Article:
[openstack-dev] [puppet] [fuel] more collaboration request

Zane Bitter zbitter at redhat.com
Fri Jun 12 21:26:11 UTC 2015

This thread kind of deteriorated a bit (though it looks like it's 
hopefully recovering), so I'd just like to add some observations.

What we have here is a classic case of a long-running fork, with all 
that that entails. In this case the fork is a public one, but that 
actually makes very little difference to the fundamentals. (I think it's 
great that Mirantis have chosen to develop Fuel in the open though! Kudos.)

The fact is that maintaining a fork is very expensive. And while it's 
expensive for the upstream community in terms of lost opportunities for 
bug fixes, it's far, far more expensive for the maintainers of the 
downstream fork. IMHO that's one of the reasons that permissive licenses 
like ASL2 have gained so much ground over the GPL - it didn't take very 
long for almost everyone to realise that there were more compelling 
reasons to contribute your code upstream than that you were compelled to 
by the license. I don't think a project like OpenStack could exist if 
they hadn't. It's simply better business, even if you consider the other 
upstream users to be competitors.

So I think both projects would benefit from more co-operation, but Fuel 
has by far the most to gain.

I see from the thread that a lot of well-intentioned policies have been 
put in place to try to improve co-operation, and it's actually not that 
surprising to see them not working that well because the incentives are 
wrong. When you set up a conflict between incentives and rules... 
incentives tend to win. (I probably don't need to try to prove this, 
because it was IMHO one of the great lessons of the communist 
experiment, and looking at the names in this thread I suspect that most 
of y'all at least know someone with direct experience of that.)

So at the moment committing a patch to Fuel is easy for a Fuel 
developer, whereas getting that same patch into upstream is hard. So it 
is much more likely that the downstream patch lands while the upstream 
patch languishes, despite the hidden cost that another Fuel developer 
will need to reconcile the two later. To get this to work, you need to 
make upstream the default (and therefore easiest) path to get changes 
included in Fuel.

Of course you will need a way to make urgent changes to your product 
without waiting for upstream. As an example, we do this in RDO Manager 
by maintaining patches on top of an upstream snapshot. (We do actually 
use Git - in a non-traditional way - as a tool to aid this process, but 
it's not really the point and there are many ways to tackle the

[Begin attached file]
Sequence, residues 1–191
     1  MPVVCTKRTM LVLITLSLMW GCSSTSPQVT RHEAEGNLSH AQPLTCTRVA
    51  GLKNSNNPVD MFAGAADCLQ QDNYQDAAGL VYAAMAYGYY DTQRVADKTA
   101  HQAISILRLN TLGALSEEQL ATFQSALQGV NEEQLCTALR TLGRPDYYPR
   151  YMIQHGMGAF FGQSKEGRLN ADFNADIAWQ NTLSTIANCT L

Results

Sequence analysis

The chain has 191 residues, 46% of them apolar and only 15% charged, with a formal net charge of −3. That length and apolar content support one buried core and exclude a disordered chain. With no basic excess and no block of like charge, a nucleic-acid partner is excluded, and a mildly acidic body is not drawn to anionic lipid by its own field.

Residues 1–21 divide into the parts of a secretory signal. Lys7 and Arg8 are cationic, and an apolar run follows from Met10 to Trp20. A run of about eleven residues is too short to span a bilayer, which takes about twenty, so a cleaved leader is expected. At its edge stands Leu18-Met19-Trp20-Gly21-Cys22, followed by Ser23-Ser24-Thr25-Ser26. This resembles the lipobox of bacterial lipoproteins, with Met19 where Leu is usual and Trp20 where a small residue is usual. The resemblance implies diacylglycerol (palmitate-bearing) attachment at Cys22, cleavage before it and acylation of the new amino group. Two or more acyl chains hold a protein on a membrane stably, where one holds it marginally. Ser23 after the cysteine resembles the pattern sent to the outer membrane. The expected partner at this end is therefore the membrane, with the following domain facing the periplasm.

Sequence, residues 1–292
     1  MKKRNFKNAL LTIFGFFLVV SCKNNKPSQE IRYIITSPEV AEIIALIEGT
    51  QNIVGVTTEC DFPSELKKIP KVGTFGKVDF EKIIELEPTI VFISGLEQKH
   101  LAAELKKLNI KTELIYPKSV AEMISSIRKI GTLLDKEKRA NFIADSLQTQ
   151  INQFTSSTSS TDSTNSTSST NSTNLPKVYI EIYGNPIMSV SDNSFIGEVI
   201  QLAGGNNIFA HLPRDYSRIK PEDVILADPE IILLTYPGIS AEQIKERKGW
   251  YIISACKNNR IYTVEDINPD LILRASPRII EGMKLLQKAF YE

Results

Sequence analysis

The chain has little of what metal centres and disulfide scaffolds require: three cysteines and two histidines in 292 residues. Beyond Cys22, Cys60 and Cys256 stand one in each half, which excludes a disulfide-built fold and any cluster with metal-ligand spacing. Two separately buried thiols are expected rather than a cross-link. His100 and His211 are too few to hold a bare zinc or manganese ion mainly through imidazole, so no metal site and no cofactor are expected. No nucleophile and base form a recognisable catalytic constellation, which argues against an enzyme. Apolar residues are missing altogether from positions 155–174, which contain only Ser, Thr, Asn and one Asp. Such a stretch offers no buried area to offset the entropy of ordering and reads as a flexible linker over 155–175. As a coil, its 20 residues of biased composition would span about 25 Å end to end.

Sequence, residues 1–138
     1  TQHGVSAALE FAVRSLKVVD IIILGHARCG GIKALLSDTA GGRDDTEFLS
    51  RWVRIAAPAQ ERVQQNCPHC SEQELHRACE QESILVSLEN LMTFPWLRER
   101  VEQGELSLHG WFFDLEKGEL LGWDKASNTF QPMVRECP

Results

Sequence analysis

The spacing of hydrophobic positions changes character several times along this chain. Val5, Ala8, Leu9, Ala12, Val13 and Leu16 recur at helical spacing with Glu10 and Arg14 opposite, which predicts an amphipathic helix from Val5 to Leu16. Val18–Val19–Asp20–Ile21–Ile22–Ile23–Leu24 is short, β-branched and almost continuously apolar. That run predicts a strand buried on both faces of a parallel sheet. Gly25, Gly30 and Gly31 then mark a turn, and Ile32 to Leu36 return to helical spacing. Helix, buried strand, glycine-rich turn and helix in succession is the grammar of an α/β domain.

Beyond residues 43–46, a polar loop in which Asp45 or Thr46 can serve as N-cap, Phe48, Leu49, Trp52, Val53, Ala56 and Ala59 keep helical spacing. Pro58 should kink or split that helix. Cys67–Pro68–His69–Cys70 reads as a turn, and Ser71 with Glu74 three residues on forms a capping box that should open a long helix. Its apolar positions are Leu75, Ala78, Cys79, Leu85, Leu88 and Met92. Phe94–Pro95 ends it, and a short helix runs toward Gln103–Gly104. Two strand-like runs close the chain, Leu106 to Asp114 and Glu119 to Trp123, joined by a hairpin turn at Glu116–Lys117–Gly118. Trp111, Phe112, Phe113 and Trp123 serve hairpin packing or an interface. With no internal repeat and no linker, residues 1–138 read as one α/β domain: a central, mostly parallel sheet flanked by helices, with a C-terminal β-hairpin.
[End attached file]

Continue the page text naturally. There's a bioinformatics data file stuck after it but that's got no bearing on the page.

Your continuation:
problem.) The snapshot gets updated regularly, so changes that are 
committed upstream just show up without any extra work. If we need 
something urgently, we have to option to apply it as a patch, but our 
enthusiasm to do so is always tempered by the knowledge that if a change 
that is at least extremely similar does not land upstream then we are 
creating extra work for ourselves in the very near future. That's how we 
keep the incentives and policies aligned. (In this way, building a 
project around a library like this is very similar to building a 
downstream distribution around an upstream project. We use essentially 
the same techniques.)

And of course once the upstream becomes the default place to land 
patches, you'll very quickly stop thinking of upstream as 'them' and 
start thinking of them as 'us'. You'll start assimilating the ideas of 
what are and are not good coding standards so that you won't have to 
rework them nearly as much before they can be merged, and once you get 
involved in the community you'll have the opportunity to influence those 
ideas as well. Once everyone is up to speed I'm sure you'd see a lot of 
folks get added to core. Instead of upstream co-operation appearing to 
consume time that you don't have (which appears to be the problem at the 
moment), I'm quite sure that same people will be able to get a *lot* 
more done.

Tinkering with the current model by putting in place more policies or 
trying to offload work to the upstream openstack-puppet team will not 
work, and more importantly would not realise the same benefits to the 
Fuel team even if it did work.

The problem, of course, is that once you are on a long-running fork it 
takes a big up-front investment to get off it. (Ask anyone still running 
an OpenStack Folsom cloud ;) That can be hard to make a case for, 
especially when you have other priorities and the dividends take some 
time to appear. I think in this case it would be totally worth the 
investment, and I hope the Fuel team will consider making that investment.

As a bonus, it'll be more polite to the original authors of the code, 
it'll help everyone who is deploying OpenStack with Puppet (which is 
most people in the community), and it'll help Fuel users join a bigger 
critical mass of users so they can get better support from channels like 


On 11/06/15 10:36, Matthew Mosesohn wrote:
> Hi Emilien,
> I can see why you might be unhappy with Fuel's actions with regards to
> the OpenStack Puppet modules. You could make this argument about many
> components in Fuel. The heart of the matter is that we bundle the
> upstream OpenStack Puppet modules with all the other modules,
> developed both upstream and by Fuel's developers in one single git
> repository. This decision, along with all the other decisions to put